William Q. Judge on Gilgul
The Zohar is a work of great weight and authority among the Jews. In II, 199 b, it says that "all souls are subject to revolutions". This is metempsychosis or a'leen b'gilgoola; but it declares that "men do not know the way they have been judged in all time". That is, in their "revolutions" they lose a complete memory of the acts that have led to judgment. This is precisely the Theosophical doctrine. The Kether Malkuth says, "If she, the soul, be pure, then she shall obtain favor . . . but if she hath been defiled, then she shall wander for a time in pain and despair . . . until the days of her purification". If the soul be pure and if she comes at once from God at birth, how could she be defiled? And where is she to wander if not on this or some other world until the days of her purification? The Rabbis always explained it as meaning she wandered down from Paradise through many revolutions or births until purity was regained.
Under the name of "Din Gilgol Neshomes" the doctrine of reincarnation is constantly spoken of in the Talmud. The term means "the judgment of the revolutions of the souls". And Rabbi Manassa, son of Israel, one of the most revered, says in his book Nishmath Hayem: "The belief or the doctrine of the transmigration of souls is a firm and infallible dogma accepted by the whole assemblage of our church with one accord, so that there is none to be found who would dare to deny it . . . Indeed, there is a great number of sages in Israel who hold firm to this doctrine so that they made it a dogma, a fundamental point of our religion. We are therefore in duty bound to obey and to accept this dogma with acclamation . . . as the truth of it has been incontestably demonstrated by the Zohar and all books of the Kabalists."
These demonstrations hold, as do the traditions of the old Jews, that the soul of Adam reincarnated in David, and that on account of the sin of David against Uriah it will have to come again in the expected Messiah. And out of the three letters ADM, being the name of the first man, the Talmudists always made the names Adam, David, and Messiah. Hence this in the Old Testament: "And they will serve Jhvh their God and David their king whom I shall reawaken for them." That is, David reincarnates again for the people. Taking the judgment of God on Adam "for dust thou art and unto dust thou shalt return", the Hebrew interpreters said that since Adam had sinned it was necessary for him to reincarnate on earth in order to make good the evil committed in his first existence; so he comes as David, and later is to come as Messiah. The same doctrine was always applied by the Jews to Moses, Seth, and Abel, the latter spelt Habel. Habel was killed by Cain, and then to supply the loss the Lord gave Seth to Adam; he died, and later on Moses is his reincarnation as the guide of the people, and Seth was said by Adam to be the reincarnation of Habel. Cain died and reincarnated as Yethrokorah, who died, the soul waiting till the time when Habel came back as Moses and then incarnated as the Egyptian who was killed by Moses; so in this case Habel comes back as Moses, meets Cain in the person of the Egyptian, and kills the latter. Similarly it was held that Bileam, Laban, and Nabal were reincarnations of the one soul or individuality. And of Job it was said that he was the same person once known as Thara, the father of Abraham; by which they explained the verse of Job (ix, 21 ), "Though I were perfect, yet would I not know my own soul", to mean that he would not recognize himself as Thara.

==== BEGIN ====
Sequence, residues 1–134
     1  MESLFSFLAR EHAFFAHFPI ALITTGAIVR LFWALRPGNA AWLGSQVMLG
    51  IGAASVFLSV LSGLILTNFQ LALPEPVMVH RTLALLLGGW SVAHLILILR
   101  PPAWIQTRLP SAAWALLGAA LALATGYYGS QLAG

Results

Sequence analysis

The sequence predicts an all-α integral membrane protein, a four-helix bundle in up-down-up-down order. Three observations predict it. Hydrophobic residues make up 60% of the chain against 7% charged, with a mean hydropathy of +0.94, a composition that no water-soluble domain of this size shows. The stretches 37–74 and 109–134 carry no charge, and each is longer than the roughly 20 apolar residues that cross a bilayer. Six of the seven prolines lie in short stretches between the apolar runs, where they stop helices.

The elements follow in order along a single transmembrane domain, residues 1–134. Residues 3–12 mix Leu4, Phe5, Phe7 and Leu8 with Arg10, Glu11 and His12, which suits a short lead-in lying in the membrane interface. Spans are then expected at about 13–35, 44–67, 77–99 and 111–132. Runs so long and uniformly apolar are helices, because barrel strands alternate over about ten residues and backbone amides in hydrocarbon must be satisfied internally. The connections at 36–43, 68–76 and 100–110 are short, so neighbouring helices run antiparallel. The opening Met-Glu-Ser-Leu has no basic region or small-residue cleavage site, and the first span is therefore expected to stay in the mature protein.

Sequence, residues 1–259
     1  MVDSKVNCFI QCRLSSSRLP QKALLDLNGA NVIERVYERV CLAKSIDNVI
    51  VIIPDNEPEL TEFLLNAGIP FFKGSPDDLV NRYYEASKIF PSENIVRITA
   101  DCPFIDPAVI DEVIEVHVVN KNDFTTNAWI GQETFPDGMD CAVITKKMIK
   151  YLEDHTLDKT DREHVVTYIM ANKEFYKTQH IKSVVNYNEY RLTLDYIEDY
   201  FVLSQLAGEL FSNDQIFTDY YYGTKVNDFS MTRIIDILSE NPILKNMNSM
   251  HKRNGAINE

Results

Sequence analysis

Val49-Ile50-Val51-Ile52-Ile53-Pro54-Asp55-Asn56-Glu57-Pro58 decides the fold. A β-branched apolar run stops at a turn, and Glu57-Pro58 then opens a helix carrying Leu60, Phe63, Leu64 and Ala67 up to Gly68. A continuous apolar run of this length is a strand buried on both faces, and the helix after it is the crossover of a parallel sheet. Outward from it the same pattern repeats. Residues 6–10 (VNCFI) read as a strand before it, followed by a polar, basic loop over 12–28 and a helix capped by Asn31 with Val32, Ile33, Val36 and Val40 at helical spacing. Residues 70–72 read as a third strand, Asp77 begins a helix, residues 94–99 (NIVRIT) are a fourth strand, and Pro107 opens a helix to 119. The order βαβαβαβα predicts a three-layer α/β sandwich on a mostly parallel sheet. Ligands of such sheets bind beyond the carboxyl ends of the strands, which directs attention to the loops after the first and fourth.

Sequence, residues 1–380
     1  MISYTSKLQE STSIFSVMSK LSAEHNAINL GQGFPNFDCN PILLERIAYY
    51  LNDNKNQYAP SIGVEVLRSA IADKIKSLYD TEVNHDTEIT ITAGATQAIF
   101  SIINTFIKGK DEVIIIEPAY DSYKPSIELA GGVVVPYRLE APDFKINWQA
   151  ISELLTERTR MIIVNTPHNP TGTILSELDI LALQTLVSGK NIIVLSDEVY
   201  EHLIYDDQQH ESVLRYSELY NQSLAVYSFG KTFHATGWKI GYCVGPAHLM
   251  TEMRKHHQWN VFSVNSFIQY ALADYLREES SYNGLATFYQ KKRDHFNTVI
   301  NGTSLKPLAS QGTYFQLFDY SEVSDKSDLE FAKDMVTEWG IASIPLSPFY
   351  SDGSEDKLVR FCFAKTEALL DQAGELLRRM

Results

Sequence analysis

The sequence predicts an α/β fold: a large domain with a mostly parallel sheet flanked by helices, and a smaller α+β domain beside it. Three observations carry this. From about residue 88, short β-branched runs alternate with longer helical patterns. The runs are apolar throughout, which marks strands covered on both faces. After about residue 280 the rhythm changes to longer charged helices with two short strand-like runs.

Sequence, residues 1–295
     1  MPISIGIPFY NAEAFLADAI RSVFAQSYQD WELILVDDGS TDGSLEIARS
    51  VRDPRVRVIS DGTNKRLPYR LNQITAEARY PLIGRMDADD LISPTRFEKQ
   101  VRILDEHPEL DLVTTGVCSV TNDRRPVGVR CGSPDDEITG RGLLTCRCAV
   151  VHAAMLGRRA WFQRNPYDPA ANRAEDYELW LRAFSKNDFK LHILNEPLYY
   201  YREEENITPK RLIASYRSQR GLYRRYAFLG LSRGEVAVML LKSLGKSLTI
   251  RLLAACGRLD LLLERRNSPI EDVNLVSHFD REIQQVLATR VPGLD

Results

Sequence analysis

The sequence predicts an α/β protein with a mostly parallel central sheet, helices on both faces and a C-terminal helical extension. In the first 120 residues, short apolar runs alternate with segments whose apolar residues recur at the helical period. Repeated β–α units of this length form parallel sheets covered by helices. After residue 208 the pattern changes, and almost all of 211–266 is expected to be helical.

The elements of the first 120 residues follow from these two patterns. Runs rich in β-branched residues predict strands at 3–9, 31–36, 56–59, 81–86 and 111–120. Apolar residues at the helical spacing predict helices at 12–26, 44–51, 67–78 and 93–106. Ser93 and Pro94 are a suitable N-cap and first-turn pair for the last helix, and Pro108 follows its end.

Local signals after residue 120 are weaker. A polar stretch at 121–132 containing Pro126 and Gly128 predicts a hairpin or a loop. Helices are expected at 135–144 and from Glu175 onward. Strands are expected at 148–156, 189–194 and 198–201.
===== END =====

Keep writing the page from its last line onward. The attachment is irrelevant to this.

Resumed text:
(Reincarnation in Judaism and the Bible - The Path – February 1894)
“Qabbalah, the Theos-Sophia of the Jews:”Jewish Theosophists and their Perceptionsof Kabbalah